I think this was great, but it was a really weird thing to read while eating lunch.
@give cheese some pants I found them both pretty insufferable too, to be honest. But Jess at least seemed more genuine about her feelings than Tim, so in the end I couldn't help but root for her a little.
I mean, demanding that she get a sweater, then bitching that she doesn't stand up for herself? Gaaaaaaaaaaaah!
@fabel I never wrote my pen pal either. But I also never got a letter. Maybe we were each other's!
@zamboni When that thing got to "YOU'RE NOT FAT" I did a serious double-take here in my office.
I think in some ways the experiment was doomed to fail with how intense the parameters were--I mean, weekly couples therapy? Being required to see each other daily? A weekend trip after a month? That's way more, way faster than most "normal" couples. I'm totally unsurprised it didn't work out.
Also Tim seems like a juicebox. When she wanted to quit halfway through and he got all hurt and convinced her to keep it going, then at the end he says "I'm in love with you but we can't be together"? What is that? Argh!!
I'm sad this doesn't have any other comments, because I always sort of loved Jojo. I can't believe I didn't know she had any new stuff out!
@karenb Maybe I just have particularly messy friends? I feel like I know several people who don't appear to regularly sweep/vacuum their floors.
I'm so sorry to hear about your pup. My childhood cat lived very many years and eventually everything stopped working, and we had to let her go -- it's not any easier to lose a family member even if you know it's coming. (Don't listen to anyone who doesn't think pets are family members!) You're doing the right thing by being concerned about her quality of life. Snuggle her hard for the next few weeks, and grieve however feels right to you.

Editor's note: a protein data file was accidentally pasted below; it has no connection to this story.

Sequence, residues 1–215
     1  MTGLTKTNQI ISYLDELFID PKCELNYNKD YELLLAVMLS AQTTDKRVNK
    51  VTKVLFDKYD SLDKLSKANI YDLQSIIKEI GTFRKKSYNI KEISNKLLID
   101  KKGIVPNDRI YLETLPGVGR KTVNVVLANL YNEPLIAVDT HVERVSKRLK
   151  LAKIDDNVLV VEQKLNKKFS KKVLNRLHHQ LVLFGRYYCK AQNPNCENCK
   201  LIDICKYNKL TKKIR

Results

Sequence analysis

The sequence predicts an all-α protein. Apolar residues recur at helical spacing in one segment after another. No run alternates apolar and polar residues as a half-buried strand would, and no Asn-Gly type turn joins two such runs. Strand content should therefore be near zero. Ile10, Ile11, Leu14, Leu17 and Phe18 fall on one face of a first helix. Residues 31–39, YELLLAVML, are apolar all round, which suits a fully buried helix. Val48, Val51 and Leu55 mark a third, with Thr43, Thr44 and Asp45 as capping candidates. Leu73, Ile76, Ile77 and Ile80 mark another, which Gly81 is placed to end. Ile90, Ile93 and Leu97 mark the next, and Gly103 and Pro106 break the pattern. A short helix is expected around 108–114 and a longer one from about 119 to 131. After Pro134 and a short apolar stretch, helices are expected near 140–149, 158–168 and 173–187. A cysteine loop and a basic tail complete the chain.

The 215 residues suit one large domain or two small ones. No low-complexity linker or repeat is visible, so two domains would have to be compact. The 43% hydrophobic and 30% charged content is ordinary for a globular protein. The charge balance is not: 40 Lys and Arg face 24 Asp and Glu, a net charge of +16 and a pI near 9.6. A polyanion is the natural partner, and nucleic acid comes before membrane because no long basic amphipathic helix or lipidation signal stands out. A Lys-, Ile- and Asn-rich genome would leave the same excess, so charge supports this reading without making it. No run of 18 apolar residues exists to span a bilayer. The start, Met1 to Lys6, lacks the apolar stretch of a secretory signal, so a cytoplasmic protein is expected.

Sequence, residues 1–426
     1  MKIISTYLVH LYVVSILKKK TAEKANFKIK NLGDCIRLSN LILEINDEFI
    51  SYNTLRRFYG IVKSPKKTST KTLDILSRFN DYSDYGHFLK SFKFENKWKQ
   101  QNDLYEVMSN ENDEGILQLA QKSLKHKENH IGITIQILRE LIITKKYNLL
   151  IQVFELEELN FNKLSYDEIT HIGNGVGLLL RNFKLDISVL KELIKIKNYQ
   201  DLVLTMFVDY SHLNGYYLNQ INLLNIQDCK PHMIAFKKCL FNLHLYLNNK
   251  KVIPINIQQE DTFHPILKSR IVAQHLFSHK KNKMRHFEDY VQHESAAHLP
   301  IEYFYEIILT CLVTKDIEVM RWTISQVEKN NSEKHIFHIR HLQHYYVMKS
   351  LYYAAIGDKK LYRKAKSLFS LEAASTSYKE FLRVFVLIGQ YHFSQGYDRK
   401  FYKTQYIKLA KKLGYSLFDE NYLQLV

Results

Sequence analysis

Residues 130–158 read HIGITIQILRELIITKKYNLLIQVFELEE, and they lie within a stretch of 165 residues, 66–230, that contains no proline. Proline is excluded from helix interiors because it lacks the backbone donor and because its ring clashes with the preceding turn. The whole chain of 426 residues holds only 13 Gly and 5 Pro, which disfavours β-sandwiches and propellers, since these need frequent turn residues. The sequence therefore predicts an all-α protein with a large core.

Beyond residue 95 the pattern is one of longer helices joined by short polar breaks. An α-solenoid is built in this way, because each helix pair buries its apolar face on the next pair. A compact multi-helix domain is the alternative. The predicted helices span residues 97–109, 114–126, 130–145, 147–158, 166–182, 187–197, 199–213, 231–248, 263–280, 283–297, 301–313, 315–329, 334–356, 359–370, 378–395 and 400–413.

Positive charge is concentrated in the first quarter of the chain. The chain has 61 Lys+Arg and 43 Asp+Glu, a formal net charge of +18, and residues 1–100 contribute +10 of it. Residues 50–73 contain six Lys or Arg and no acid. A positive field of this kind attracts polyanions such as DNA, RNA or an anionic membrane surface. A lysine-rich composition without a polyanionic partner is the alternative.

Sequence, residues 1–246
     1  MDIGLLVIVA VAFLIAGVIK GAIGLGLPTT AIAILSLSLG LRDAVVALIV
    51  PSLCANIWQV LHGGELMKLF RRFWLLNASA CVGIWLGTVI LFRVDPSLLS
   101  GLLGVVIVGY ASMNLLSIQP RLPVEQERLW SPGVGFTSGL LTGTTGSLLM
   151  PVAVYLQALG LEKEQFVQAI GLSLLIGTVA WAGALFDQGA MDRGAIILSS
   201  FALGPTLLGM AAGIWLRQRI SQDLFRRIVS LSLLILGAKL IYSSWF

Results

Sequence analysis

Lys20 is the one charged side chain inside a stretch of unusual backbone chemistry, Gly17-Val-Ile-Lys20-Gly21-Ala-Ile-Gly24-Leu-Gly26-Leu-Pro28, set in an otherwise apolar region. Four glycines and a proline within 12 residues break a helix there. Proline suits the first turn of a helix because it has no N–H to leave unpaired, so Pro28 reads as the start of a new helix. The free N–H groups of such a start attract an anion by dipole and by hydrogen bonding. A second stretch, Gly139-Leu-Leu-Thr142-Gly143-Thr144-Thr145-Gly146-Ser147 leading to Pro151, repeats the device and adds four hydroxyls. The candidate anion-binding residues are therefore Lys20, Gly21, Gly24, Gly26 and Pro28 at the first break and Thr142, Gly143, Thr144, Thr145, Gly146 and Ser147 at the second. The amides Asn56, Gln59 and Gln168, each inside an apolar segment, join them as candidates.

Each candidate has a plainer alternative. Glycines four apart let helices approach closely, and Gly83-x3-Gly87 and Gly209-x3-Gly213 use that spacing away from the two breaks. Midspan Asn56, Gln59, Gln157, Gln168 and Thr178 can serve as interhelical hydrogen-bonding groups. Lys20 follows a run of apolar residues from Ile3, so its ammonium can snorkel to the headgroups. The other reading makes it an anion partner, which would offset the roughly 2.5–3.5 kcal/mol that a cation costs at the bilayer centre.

@Quinn A@twitter Sometimes it's better to wait and bring things up later -- an immediate response is more likely to be seen as defensive. My current bosses coach people to accept feedback by simply saying "thank you for the feedback, I understand what you're saying" (or asking questions to clarify what they are saying if you don't get it) but making no other response in the moment. Then later, once you've had a chance to think about it, make a further response or adjustment if necessary. That shows that you really were thinking critically about it, not just reacting.
I hope it works out for you!
@wallsdonotfall I'm a shoes-on person, living in a mainly shoes-on area. If I walk into someone's house and there's a big pile of shoes by the door, sometimes I'll take my shoes off if I am wearing socks and/or I can tell that their floor is really clean. But sometimes peoples' floors aren't that clean and it's super gross. Or I'm wearing mismatched socks or something and I feel self-conscious about taking off my shoes.
I feel like if you're in a place where the norm is to not remove shoes, and you want to REQUIRE people to remove shoes, you should offer socks or slippers. If it's just a suggestion, then no need and just make sure people aren't actively tracking in mud (which hopefully they're not doing without needing to be told). And if you're in a place where it's the norm for everyone to take off the shoes, then your guests are expecting to and no special accommodations are necessary.
@cuminafterall BRING A BOOK. I've been called in three or four times and have never actually made it past the waiting room.